Iraq’s president on Wednesday threatened to unilaterally name a successor to the country’s premier, who resigned in December, if parliament did not nominate a candidate within three days.
“If the concerned blocs are unable to resolve the nomination issue by no later than Saturday, February 1… I see an obligation to exercise my constitutional powers by tasking whomever I find most acceptable to parliament and the people,” Barham Saleh wrote in a letter seen by AFP.
Prime Minister Adil Abdel Mahdi resigned in December after two months of deadly protests against his government, but he has stayed on in a caretaker role, as deeply divided political parties have failed to agree on a replacement.
According to Iraq’s constitution, parliament’s largest bloc must nominate a prime minister within 15 days of legislative elections.
The candidate is then appointed by the president and tasked with forming a government within one month.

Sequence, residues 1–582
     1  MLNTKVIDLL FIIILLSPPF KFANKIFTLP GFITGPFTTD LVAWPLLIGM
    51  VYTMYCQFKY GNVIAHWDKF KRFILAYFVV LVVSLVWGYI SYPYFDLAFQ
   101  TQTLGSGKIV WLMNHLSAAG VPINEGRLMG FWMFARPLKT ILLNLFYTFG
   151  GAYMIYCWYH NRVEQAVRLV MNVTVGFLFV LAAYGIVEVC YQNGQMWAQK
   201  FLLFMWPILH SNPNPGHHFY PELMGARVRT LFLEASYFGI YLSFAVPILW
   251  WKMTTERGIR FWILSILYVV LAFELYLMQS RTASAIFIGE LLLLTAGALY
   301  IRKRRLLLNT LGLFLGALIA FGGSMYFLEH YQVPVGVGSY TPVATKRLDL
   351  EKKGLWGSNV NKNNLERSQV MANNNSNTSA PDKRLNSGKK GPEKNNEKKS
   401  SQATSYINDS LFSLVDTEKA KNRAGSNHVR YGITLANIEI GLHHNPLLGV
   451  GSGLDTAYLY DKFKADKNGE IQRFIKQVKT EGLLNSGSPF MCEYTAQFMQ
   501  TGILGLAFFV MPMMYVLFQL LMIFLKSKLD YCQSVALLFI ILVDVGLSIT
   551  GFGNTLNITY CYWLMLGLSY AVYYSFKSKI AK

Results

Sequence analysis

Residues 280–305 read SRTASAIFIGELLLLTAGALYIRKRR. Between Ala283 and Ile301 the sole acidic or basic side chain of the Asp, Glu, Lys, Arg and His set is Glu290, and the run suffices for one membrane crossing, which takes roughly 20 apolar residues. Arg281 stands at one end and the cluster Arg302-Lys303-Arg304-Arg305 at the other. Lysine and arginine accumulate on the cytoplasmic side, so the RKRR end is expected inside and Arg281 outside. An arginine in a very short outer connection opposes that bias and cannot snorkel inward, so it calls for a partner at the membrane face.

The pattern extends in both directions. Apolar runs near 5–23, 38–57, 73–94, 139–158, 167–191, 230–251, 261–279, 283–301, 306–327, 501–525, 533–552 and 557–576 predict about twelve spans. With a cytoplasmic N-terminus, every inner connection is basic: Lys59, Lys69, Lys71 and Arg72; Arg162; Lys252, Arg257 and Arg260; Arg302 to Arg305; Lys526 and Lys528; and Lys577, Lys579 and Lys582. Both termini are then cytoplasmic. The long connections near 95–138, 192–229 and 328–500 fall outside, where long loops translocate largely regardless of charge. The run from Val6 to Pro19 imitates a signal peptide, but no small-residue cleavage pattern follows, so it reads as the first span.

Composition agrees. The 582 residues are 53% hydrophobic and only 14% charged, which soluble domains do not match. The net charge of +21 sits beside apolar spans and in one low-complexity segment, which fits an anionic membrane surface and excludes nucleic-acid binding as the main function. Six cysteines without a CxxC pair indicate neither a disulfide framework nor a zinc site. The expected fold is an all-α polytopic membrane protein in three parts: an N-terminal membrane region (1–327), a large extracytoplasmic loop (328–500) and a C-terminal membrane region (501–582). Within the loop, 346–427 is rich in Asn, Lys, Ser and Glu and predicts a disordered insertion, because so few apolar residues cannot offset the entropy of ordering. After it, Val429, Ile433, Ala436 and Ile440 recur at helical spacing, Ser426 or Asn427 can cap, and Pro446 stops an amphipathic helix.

But Iraq is in uncharted waters, as the constitution makes no provisions for the prime minister’s resignation and the 15-day period since Abdel Mahdi stepped down has long expired.
Any candidate would need stamps of approval from not only the fractured political class but also the Shia religious authority, neighboring Iran, its rival the US and the anti-government civil campaign that has gripped Iraq since October.
In late December, Saleh formally declined to nominate the governor of the oil-rich province of Basra, Assaad al-Aidani, saying he would be too “controversial.”